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See also: traïtor
- traitour (obsolete)
- (UK) IPA(key): /ˈtɹeɪtə(ɹ)/
- (US) enPR: trā′tər, IPA(key): /ˈtɹeɪtɚ/, [ˈtʰɹeɪɾɚ]
- Homophone: trader (in dialects with flapping)
Audio (US) (file)
- Rhymes: -eɪtə(ɹ)
traitor (plural traitors)
- Someone who violates an allegiance and betrays their country; someone guilty of treason; one who, in breach of trust, delivers their country to an enemy, or yields up any fort or place entrusted to their defense, or surrenders an army or body of troops to the enemy, unless when vanquished.
- 1595 December 9 (first known performance), [William Shakespeare], The Tragedie of King Richard the Second. […] (First Quarto), London: […] Valentine Simmes for Androw Wise, […], published 1597, OCLC 213833262, [Act IV, scene i]:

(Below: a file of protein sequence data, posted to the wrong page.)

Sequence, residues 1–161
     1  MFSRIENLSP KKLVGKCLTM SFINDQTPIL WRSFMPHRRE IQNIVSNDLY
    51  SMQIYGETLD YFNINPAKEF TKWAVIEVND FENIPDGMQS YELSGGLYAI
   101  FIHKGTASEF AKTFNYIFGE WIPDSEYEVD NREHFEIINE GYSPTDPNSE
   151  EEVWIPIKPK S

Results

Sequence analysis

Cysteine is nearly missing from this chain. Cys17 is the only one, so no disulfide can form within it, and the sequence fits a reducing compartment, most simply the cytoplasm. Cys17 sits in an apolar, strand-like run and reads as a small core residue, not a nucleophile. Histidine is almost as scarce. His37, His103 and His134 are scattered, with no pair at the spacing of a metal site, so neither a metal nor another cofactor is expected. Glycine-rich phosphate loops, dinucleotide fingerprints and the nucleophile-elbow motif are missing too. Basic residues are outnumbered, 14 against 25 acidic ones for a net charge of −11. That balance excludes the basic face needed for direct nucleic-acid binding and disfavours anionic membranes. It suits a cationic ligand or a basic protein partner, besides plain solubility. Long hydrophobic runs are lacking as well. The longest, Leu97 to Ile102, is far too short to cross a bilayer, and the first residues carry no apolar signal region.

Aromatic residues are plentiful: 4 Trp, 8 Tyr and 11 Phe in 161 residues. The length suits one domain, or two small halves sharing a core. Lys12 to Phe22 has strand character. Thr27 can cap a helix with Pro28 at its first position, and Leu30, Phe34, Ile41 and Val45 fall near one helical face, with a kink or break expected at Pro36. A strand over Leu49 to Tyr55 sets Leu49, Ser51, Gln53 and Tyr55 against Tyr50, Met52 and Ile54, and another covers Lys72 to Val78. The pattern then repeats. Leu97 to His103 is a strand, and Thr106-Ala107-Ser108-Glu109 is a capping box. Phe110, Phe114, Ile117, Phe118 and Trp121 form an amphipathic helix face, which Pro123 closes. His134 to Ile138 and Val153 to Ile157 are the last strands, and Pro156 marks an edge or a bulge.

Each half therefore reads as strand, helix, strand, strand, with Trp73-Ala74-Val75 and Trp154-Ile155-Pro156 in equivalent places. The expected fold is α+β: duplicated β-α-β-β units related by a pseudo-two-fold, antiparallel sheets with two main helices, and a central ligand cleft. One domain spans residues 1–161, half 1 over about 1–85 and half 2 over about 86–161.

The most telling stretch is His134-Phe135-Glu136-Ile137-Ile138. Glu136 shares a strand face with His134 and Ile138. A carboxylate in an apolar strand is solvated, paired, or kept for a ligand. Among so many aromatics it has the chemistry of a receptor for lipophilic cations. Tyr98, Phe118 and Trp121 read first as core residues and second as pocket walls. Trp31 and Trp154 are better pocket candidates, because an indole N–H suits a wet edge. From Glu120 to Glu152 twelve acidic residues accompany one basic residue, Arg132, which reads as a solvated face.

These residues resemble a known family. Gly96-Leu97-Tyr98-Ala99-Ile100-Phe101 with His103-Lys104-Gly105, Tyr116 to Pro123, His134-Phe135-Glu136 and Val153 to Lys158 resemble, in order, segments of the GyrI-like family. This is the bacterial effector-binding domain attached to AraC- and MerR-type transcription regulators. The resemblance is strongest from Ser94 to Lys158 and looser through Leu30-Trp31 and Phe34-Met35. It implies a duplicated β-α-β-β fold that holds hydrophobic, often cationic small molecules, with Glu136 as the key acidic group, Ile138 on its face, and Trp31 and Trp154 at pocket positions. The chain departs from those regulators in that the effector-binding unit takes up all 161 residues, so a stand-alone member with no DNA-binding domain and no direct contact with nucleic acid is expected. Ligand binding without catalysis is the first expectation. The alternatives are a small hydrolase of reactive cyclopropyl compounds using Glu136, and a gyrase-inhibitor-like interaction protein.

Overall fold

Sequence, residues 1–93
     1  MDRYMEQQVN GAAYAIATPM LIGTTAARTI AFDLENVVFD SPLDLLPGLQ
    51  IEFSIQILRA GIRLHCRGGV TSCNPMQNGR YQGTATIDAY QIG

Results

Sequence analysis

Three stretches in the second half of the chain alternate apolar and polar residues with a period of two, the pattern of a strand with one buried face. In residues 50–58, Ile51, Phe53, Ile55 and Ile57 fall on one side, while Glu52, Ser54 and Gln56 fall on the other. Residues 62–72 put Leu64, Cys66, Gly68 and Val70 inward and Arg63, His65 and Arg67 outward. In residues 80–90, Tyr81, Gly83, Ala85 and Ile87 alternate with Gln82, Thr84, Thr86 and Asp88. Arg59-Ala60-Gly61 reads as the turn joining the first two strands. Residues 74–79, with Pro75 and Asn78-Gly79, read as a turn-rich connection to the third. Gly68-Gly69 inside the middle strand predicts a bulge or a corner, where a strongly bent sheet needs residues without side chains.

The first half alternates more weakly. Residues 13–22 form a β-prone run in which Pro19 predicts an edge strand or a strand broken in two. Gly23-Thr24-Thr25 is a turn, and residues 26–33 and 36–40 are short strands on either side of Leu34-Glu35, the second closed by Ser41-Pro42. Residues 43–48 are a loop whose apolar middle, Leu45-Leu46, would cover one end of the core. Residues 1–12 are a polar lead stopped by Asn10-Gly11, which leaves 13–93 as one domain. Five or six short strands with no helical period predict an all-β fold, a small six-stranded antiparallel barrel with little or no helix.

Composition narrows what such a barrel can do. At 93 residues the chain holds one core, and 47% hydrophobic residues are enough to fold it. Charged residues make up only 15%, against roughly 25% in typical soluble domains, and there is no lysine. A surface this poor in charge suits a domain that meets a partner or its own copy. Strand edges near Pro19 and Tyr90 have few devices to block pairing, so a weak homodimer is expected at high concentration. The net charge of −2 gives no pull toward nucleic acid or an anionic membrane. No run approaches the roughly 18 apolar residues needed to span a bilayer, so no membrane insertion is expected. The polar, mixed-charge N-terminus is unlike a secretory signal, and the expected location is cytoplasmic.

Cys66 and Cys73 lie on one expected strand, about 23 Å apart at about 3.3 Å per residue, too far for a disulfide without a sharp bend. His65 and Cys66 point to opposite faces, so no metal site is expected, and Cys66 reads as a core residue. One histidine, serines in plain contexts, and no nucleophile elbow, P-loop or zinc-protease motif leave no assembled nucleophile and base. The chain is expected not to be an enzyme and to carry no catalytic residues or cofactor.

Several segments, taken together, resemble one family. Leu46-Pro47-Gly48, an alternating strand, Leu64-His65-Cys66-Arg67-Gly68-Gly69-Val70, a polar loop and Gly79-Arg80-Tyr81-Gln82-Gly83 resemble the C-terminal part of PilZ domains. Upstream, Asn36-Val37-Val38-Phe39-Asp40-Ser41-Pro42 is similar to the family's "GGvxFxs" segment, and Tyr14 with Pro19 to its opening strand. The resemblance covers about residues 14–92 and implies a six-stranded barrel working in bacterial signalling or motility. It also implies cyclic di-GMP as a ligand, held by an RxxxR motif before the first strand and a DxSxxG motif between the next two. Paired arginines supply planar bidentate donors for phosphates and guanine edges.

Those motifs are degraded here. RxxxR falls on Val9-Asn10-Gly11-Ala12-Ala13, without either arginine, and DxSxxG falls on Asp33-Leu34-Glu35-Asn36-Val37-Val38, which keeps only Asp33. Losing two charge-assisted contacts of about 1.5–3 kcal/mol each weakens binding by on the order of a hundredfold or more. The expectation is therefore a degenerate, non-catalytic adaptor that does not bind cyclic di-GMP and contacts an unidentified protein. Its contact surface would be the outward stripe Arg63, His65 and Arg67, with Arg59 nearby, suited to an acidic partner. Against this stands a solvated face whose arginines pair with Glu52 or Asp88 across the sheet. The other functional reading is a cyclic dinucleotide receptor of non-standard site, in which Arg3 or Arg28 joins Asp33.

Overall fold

- My Lord of Hereford here whom you call King, / Is a foule traitour to proud Herefords King, / And if you crowne him let me propheſie, / The bloud of Engliſh ſhall manure the ground, / And future ages groane for this foule act, [...]
- Someone who takes arms and levies war against their country; or one who aids an enemy in conquering their country.
- (by extension) One who betrays a confidence or trust.
- (all senses): Benedict Arnold (US), Quisling, Judas
- (one who betrays a trust): betrayer, fink, snake, snake in the grass
one who violates allegiance and betrays one's country
act the traitor toward
- French: traître
- Norman: traître (Jersey)
- Walloon: traite
- → Middle English: traytour, traitour, traitor